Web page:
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Is Your Sermon A Manger?


Luther once said, “The bible is the manger in which Christ is laid.”  It is a powerful witness to the Lutheran understanding of scripture.  The Word of God is Jesus and we lean fully on Scripture to point us towards Jesus.  At the same time, the bible is not our God and we do not worship it.

I just finished a challenging book by Daniel Chandler.  Semiotics: the basics.  It was far from a basic understanding—it was a full-scale onslaught of semiotic thought and history.  But it was helpful.   I was most intrigued by Chandler’s quote on page 124.  “Once we employ a trope, our utterances becomes part of a much larger system of associations which is beyond our control.  For instance when we refer metaphorically to ‘putting things into words’ this involves a further implicit metaphor of language as a ‘container’ – a particular view of language which has specific implications (Reddy 1979)

There seems to be a connection between the Word becoming flesh, the “container” or manger of the Bible, and the challenge of putting the Gospel into words.  Truth be told, I’ve never been fully comfortable with Luther’s understanding that the words that I preach on Sunday morning are the “Word of God.”  That said, my prayer is often that the hearers would forget all the words that come from my mouth that are mine and cling fast to the words that God speaks through me.  I certainly believe God uses the preacher.  But elevating the sermon to “Word of God” status makes my knees buckle.  It only makes sense in light of the incarnation and the fact that this blessed mystery continues.

Furthermore, one of the many challenges of preaching is that the Word that the preacher preaches is not the Word that the hearer hears.  We all hear things differently—no matter how articulate or clear the speaker happens to be.  Preaching is certainly not a static event.  It is active and alive.  It takes the proclaimer and the hearers for the preaching event to take place.  It isn’t all about what I have written in my manuscript.

So, with all that said, how can we not tremble with fright to know that the words that we speak are the container in which Christ resides?  It’s easy to speak about Jesus.  It is something entirely different to know that the words that I speak carry within them the savior of the world.  And, therefore, how do we not allow this fact to debilitate us into bumbling idiots?  (And, please, no Sunday School answers that it is the Holy Spirit–we all know that it is only by the Holy Spirit that we are able to cry out to Jesus and for Jesus)

Is your sermon a manger?


5 Comments leave one →
  1. 26October2011 08:30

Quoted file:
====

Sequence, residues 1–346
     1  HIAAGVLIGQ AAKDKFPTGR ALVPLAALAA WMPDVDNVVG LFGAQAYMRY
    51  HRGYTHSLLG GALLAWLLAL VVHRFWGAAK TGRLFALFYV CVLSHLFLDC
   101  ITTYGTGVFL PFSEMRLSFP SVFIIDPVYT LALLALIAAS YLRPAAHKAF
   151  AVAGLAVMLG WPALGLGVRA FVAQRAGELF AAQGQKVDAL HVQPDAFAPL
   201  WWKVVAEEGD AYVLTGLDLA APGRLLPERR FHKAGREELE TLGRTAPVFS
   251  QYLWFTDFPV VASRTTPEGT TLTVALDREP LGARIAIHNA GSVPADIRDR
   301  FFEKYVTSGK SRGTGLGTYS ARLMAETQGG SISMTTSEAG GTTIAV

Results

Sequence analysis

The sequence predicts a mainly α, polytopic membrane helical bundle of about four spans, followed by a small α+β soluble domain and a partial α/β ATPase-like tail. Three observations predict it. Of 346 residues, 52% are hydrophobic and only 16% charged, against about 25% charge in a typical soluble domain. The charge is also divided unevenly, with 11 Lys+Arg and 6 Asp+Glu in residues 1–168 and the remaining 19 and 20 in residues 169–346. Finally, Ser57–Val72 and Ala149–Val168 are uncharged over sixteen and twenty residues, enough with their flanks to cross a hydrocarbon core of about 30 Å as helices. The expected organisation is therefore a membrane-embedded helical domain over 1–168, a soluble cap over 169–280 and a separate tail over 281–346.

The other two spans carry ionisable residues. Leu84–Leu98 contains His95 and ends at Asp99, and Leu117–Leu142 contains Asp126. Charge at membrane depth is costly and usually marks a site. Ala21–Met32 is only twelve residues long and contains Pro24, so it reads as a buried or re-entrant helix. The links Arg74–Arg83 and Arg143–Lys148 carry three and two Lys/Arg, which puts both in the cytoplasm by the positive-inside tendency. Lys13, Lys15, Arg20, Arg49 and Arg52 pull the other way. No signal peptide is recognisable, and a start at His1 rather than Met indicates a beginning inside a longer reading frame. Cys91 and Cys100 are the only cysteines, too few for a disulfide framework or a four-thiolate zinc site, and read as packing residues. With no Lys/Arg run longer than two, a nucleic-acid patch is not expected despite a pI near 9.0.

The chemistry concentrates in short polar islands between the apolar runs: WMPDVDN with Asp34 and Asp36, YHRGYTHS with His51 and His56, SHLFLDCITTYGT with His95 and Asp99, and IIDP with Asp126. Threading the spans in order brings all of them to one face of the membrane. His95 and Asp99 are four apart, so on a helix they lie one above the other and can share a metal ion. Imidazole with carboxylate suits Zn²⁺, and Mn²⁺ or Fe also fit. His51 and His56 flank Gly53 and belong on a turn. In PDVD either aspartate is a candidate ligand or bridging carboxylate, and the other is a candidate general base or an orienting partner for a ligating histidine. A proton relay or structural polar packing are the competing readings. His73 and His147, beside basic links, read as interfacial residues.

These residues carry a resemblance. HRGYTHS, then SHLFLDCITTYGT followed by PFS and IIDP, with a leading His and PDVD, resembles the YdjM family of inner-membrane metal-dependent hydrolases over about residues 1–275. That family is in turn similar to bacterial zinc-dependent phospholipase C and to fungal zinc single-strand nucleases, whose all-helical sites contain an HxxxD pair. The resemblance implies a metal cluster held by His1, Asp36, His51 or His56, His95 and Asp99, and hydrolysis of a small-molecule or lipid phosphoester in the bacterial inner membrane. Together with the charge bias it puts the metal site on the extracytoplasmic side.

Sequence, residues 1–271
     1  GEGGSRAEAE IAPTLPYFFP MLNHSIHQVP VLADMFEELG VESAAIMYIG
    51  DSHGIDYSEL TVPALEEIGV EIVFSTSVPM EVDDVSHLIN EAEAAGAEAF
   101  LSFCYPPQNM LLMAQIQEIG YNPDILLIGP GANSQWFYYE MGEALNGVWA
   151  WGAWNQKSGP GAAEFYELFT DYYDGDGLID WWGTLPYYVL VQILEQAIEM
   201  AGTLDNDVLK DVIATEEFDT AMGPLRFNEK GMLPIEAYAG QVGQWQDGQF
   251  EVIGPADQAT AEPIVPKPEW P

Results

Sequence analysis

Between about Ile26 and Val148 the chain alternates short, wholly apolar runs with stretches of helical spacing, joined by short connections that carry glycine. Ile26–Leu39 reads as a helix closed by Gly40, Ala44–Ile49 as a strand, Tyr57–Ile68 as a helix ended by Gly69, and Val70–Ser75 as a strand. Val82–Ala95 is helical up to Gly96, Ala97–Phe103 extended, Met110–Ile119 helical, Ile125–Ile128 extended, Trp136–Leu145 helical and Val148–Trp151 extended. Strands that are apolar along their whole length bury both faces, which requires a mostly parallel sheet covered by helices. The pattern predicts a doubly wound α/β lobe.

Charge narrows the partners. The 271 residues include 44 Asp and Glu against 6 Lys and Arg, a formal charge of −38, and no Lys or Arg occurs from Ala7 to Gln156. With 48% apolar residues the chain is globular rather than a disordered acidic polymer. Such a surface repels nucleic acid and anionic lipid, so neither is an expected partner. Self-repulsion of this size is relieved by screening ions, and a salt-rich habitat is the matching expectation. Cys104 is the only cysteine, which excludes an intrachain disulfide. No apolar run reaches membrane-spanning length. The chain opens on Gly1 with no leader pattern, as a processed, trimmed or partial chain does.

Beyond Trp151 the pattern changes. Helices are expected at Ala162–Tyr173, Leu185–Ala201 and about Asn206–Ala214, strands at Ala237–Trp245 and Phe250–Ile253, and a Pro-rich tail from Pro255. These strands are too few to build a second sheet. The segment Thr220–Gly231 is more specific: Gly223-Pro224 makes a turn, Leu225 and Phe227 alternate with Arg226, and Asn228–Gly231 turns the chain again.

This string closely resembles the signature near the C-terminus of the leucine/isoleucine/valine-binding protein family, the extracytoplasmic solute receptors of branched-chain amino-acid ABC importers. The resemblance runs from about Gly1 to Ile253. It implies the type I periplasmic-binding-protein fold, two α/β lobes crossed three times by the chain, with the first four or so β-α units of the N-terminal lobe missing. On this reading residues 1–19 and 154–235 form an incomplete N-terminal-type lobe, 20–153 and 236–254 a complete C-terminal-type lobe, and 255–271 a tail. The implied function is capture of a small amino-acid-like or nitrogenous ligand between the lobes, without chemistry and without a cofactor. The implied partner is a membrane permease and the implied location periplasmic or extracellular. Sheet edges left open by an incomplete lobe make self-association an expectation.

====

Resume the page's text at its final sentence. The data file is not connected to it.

“Lord God, You have appointed me as a Bishop and Pastor in Your Church, but you see how unsuited I am to meet so great and difficult a task. If I had lacked Your help, I would have ruined everything long ago. Therefore, I call upon You: I wish to devote my mouth and my heart to you; I shall teach the people. I myself will learn and ponder diligently upon Your Word. Use me as Your instrument — but do not forsake me, for if ever I should be on my own, I would easily wreck it all.” – A Sacristy Prayer, Martin Luther

  2. 26October2011 08:30

    One word, Scott. . . “Faith.” It’s simple and yet mysteriously profound!
    Amy Little

  3. 26October2011 11:12

    Well, I wouldn’t consider it a Sunday School answer to say “It is the Holy Spirit.” In fact, sometimes I think the more sophisticated, educated and “experienced” we become, the less likely we are to lean upon the Holy Spirit to amplify what is most true and most necessary about anything we offer in our words. It is tempting to think that our minds or our own efforts come up with something that the folks “out there” need to hear. As Amy says, the simplicity of “faith”-filled service is often complicated by our own need to perform or impress (our selves as well as others). But then again, perhaps I don’t know what I am talking about and none of what I just said has been prompted by the Holy Spirit at all. If so, just ignore my rambling!

    • 26October2011 16:27

      I agree Pamela. It is absolutely by the Holy Spirit and only because of the Holy Spirit. I guess what I was trying to get towards was how does the Holy Spirit work in the way that you preach–or hear–a sermon? My hunch is that the Holy Spirit works in specific ways for you and specific ways for me–just curious as to what those ways are. It is always, fully, and completely a work of the HS that works to make my screwed up, slanted, egotistical, self-serving words somehow point to Jesus. Only the Triune God can redeem my words!

      Thanks for reading!

    • 26October2011 16:35

      Absolutely, Pamela. The comment wasn’t to dismiss the Holy Spirit’s involvement within the preaching event. If the Holy Spirit isn’t involved, I am screwed! And, more to the point, the people that listen are screwed! Please know that I wasn’t dismissing the Holy Spirit–the question was meant to dive deeper into


      the Holy Spirit works in the preaching and hearing of sermons.
      I heard a great comment recently. My theology is continuously getting more and more complex. My faith is getting simpler and simpler–faith like a child. I have the faith of a child that the Holy Spirit is present in, with, and under the preached word. But, our theology of preaching needs to be more complex.
      Does that make sense? that is what I was trying to get towards with the last limiter on the question.
      And, for the record, I don’t think you were rambling.

      Thanks for reading!

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